William Carlos Williams Biography, Life, Interesting Facts
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Birth Place :
Rutherford, New Jersey, United States of America
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William Carlos Williams was a prolific American poet and physician. Born on September 17, 1883, he gave a great sense of touch to his works with the simplicity and clearness of his imagery. He is linked to modernism and imagism. Aside from writing, Williams was a practicing physician who worked as pediatrics and in general medicine. He served as chief of pediatrics at Passaic General Hospital (now St. Mary’s General Hospital) from 1924 until his death.
William Carlos Williams was born on September 17, 1883, in Rutherford, New Jersey in the United States. He was born to a Puerto Rican mother and an English father. Williams received both primary and secondary education in Rutherford and later moved to a school in near Geneva for two years and then to the Lycee Condorcet in Paris. Upon his return to the United States, he schooled at Horace Mann School.
In 1902, he enrolled at the University of Pennsylvania medical school, where he graduated in 1906. After graduating, he did his medical internship at French Hospital and Child’s Hospital in New York. He later went to Leipzig for an advanced study of pediatrics.
Career as a Poet
Despite working primarily as a physician, William Carlos Williams also became a successful writer. He scheduled his time very well that, he practised medicine in the day and wrote in the evening. He wrote poems, novels, plays, short stories, essays and did translations. In 1909, Williams published his debut book, Poems and followed it with The Tempers in 1912 with the help of his friend Ezra Pound.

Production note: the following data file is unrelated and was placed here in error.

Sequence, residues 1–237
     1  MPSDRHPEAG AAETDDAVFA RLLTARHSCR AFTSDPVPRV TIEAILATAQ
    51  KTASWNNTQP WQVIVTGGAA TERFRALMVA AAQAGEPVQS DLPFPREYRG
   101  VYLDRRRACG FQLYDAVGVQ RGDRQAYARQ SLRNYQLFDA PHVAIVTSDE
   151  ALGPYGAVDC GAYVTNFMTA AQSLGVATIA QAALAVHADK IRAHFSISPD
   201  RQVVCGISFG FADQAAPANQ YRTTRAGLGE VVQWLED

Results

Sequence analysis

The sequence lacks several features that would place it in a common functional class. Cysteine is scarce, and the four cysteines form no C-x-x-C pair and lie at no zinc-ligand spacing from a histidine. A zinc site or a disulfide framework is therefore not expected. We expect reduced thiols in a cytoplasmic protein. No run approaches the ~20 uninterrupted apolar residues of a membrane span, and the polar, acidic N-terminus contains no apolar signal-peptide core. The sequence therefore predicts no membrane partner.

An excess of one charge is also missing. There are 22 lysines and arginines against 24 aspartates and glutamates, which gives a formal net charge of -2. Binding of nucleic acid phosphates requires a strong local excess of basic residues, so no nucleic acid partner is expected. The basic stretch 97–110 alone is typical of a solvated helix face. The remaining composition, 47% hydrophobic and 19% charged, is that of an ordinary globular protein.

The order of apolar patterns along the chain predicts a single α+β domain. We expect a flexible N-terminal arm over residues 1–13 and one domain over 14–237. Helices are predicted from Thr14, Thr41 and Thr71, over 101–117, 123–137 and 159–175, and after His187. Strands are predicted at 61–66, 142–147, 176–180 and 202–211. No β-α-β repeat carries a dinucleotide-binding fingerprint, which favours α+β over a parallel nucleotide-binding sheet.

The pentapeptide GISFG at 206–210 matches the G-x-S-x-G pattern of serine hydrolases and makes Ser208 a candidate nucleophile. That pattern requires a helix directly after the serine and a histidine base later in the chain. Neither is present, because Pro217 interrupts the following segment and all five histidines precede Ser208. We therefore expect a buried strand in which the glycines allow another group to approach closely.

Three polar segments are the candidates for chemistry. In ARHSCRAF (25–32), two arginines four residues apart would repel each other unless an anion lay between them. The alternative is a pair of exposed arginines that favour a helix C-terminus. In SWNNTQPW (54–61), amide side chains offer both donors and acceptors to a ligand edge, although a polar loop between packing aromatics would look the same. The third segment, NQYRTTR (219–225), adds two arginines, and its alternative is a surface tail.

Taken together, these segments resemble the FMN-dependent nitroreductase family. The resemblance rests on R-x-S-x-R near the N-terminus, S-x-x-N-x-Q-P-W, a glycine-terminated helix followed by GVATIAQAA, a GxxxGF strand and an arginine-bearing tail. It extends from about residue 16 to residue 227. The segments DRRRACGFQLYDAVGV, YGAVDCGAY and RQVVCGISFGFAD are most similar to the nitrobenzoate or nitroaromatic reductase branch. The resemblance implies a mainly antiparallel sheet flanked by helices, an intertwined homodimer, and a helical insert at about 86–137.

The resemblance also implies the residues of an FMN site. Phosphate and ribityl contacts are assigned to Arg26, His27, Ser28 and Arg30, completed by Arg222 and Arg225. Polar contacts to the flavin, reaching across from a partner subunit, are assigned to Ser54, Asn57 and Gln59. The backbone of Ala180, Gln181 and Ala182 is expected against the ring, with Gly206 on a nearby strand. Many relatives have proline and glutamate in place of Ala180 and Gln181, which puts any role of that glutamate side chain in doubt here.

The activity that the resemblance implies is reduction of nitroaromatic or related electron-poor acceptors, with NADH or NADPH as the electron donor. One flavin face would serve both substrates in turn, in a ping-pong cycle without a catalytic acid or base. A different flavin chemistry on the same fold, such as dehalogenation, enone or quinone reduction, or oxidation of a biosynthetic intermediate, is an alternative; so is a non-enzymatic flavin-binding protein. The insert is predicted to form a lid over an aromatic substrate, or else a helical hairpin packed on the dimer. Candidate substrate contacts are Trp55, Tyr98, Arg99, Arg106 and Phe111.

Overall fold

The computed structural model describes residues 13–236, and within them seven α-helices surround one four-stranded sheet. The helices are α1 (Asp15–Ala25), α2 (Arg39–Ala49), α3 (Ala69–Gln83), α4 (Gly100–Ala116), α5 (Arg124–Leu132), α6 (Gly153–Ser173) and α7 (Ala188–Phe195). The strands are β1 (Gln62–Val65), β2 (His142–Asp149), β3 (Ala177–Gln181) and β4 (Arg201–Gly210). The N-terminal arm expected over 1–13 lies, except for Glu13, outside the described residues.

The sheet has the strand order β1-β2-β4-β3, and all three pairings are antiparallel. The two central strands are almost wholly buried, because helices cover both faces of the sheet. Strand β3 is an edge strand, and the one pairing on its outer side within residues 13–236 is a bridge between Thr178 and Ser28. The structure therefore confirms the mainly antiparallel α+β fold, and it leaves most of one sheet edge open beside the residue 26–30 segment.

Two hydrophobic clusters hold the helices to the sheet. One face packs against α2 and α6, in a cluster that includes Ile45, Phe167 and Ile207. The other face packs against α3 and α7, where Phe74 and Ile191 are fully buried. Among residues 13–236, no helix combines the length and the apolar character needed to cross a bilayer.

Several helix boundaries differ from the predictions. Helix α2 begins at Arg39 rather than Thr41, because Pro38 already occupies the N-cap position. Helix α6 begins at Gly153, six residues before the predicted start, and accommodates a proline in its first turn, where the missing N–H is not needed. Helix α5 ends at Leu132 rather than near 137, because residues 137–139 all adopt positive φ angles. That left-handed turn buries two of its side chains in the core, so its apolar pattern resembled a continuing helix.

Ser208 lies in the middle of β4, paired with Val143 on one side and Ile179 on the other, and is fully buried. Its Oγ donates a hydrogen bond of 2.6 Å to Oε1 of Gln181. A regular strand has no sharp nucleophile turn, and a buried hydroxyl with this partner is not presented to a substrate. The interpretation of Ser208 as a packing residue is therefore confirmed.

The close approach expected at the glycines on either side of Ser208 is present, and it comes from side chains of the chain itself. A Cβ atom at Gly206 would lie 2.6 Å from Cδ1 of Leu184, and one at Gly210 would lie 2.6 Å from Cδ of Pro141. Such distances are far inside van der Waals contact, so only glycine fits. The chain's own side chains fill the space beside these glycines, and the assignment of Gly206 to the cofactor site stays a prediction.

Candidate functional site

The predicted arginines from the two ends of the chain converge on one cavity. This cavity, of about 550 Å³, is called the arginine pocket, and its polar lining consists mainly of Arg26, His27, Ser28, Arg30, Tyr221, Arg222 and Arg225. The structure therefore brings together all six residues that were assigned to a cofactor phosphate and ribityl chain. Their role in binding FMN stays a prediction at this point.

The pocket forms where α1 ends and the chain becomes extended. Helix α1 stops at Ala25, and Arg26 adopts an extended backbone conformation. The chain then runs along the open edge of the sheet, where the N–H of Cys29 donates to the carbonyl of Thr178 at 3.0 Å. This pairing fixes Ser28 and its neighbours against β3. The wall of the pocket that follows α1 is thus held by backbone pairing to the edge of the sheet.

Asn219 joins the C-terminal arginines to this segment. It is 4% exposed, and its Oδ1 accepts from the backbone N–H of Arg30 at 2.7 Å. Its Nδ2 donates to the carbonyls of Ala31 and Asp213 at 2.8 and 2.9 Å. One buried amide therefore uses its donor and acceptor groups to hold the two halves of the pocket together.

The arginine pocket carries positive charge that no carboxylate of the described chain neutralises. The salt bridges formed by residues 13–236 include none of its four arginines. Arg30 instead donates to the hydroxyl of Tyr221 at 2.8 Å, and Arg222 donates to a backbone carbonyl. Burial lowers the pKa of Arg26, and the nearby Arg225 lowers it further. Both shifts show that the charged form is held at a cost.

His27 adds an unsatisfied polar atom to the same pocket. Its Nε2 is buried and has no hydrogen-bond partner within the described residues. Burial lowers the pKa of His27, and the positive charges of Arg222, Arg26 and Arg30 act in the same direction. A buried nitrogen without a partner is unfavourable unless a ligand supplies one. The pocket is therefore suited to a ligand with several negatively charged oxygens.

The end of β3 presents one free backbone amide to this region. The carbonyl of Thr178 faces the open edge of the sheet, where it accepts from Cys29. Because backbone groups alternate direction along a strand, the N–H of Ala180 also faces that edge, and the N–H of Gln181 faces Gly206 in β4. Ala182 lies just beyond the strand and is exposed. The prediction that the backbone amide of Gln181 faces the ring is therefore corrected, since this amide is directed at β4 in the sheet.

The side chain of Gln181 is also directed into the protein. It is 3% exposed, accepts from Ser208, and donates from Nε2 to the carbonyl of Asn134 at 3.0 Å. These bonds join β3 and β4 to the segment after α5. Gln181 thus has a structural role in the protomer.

He briefly involved with the Imagist movement during the early days of his writing career. However, he soon had a change in ideology and embraced modernism in literature. During this period starting from 1923, he sought to establish a unique form of American poetry based on the lives of ordinary people and their everyday life.
In 1917, William Carlos Williams published Al Que Quiere! and Kora in Hell: Improvisation, in 1920, which was met with fierce criticisms from the likes of Wallace Stevens, Ezra Pounds, H.D and Baroness Elsa. He came out with one of his famous books of poems Spring and All in 1923 comprising poems like The Red Wheelbarrow, By the road to the contagious hospital, and To Elsie. Between 1946 and 1958, he published Paterson, based on the history and people of the industrial city of Paterson, New Jersey. It expressed the complexity of the city as compared to the complexity of man.
William Carlos Williams published several other works including his prose In the American Grain, through which he examined the American culture and character with essays on historical figures. He wrote the trilogy of a family White Mule, 1937, In the Money, 1940, and The Build-Up in 1952. Other works include The Desert Music and Other Poems, 1954, Pictures from Brueghel and other Poems, 1962. Williams also did short stories like Jean Beicke, A Face of Stone, and The Farmers’ Daughters.
William Carlos Williams influenced and mentored many poets. He also associated and influenced literary movements like the San Francisco Renaissance, the New York School, and the Beat Movement.
In 1912, William Carlos Williams married Florence Herman. The couple had two sons William E. Williams and Paul H. Williams. He suffered a heart attack in 1948 and had a bout of strokes from 1949. He died at age 79 on March 4, 1963, in Rutherford. Williams was interred in Hillside Cemetery in Lyndhurst, New Jersey.
William Carlos Williams was posthumously awarded a Pulitzer Prize in 1963 for Pictures from Brueghel, and Other Poems (1962). In 1950, he won the first US National Book Award for Poetry.